Github Actions are automation pipelines that can be used to run CI testing and builds. It runs in the cloud through Github’s servers, but there are some cases, such as intensive code compiling, where you might prefer running them on your own dedicated worker nodes.

Why Use Self-Hosted Runners?

One of the major benefits of Github Actions is that it’s free and integrated nicely into Github’s system. Making new commits or release tags will directly trigger an action pipeline if you set it up to do so.

Github Actions are billed in “minutes,” and open-source public repositories have an unlimited number of minutes. If you’re working on a private repository though, you will only have 2000, or 3000 with Github Pro or Teams plans. You can buy more minutes directly, or upgrade to Github Enterprise, which comes with 50,000.

However, Github also supports the ability to self-host the machine that runs the pipeline. You can use any kind of machine as the self-hosted runner, including local machines, dedicated servers, or cloud VPS instances. This can be quite useful, especially if you have spare hardware lying around.

This has a number of benefits beyond just cost savings for high activity workloads. Often, code compilation can be a very intensive task. While Github Actions builds aren’t necessarily sluggish, they’re still running on shared cloud compute, so it may benefit you to be running the build on a high-performance dedicated server. The same is true for memory-intensive applications that may need a lot of RAM to finish.

On top of performance, self-hosting also allows you to control the environment for the build. Perhaps you need to integrate with on-premises servers or software, or you need to run an operating system that isn’t available with Github’s default runners (it does support Linux, Windows, and macOS, just not specific Linux builds besides Ubuntu).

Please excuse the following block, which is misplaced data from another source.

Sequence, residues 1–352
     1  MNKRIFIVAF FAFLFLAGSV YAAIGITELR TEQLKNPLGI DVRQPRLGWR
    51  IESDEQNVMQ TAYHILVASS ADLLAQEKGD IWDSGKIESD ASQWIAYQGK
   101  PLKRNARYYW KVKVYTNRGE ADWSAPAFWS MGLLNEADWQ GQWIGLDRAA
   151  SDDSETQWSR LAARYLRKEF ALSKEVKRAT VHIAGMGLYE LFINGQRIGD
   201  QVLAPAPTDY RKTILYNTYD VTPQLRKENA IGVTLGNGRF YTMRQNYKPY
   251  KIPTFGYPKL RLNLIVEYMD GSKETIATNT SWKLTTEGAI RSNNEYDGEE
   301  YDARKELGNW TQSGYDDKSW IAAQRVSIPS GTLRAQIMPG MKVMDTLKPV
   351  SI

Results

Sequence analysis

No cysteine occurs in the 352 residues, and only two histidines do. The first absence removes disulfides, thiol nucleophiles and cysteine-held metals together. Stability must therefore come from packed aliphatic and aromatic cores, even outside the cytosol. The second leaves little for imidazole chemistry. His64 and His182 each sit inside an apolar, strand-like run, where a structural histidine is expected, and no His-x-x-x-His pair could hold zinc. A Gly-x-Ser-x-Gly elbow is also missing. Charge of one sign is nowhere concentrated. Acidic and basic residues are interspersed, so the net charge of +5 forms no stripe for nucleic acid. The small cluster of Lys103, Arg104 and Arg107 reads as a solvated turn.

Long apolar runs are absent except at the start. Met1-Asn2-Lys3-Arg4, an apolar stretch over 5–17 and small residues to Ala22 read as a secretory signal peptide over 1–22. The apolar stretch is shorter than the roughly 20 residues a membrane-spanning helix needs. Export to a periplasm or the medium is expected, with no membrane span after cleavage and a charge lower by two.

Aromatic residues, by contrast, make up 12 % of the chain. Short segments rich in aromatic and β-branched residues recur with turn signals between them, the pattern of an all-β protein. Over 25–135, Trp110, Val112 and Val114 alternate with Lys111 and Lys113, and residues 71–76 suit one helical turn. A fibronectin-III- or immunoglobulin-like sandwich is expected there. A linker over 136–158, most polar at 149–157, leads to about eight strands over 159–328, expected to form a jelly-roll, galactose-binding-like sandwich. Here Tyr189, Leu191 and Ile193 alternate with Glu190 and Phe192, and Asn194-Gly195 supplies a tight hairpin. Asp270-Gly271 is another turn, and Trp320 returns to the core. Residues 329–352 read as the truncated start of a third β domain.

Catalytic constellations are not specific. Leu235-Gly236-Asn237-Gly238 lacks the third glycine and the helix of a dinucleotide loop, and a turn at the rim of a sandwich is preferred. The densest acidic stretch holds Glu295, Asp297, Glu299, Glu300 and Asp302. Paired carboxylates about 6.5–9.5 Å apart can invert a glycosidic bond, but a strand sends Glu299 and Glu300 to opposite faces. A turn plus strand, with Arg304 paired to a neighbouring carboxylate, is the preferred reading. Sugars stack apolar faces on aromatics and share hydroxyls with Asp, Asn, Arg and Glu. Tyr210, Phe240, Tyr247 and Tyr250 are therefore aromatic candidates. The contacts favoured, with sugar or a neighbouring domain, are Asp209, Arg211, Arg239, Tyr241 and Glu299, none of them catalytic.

Setting Up a Self-Hosted Runner

Setting up a runner is pretty simple. Basically, you’ll need to install the runner software on your machine and connect it to Github. Once it’s available, you can configure certain Github Actions to use your self-hosted runner instead of the default ones.

You can either add runners to a specific repository or add them to a Github Organization. Adding them organization-wide is generally a lot more useful, but the setup for either one is the same.

Head over to your organization’s settings, and under Actions > Runners, add a new runner.

Github provides steps to set up and install the runner here. You can copy paste these commands, but you can also use a Docker image if you prefer running it that way.

The next section has you link it with Github. This uses a generated token so it can access your account and verify the runner.

./config.sh --url https://github.com/Organization --token XXXXXX

You can choose on this screen the name of the runner, the group it’s assigned to, and any labels associated with it. These can be used to filter out runners in action configurations.

Then, you’ll need to start the runner. You’ll probably want to run this under tmux or set up a service to run it automatically.

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./run.sh

If you’re using a public repository, the ability to use self-hosted runners is disabled by default. This is because running builds on your own hardware is a potential security risk if you’re running builds for third party pull requests. If you’re not doing pull request builds, it’s not a problem, and you can toggle it on from the default “Runner Group” settings.

Then, you can use the self-hosted tag to make builds execute on this runner.

The runner should pick it up almost immediately.

 

Profile Photo for Anthony Heddings Anthony Heddings
Anthony Heddings is the resident cloud engineer for LifeSavvy Media, a technical writer, programmer, and an expert at Amazon's AWS platform. He's written hundreds of articles for How-To Geek and CloudSavvy IT that have been read millions of times.
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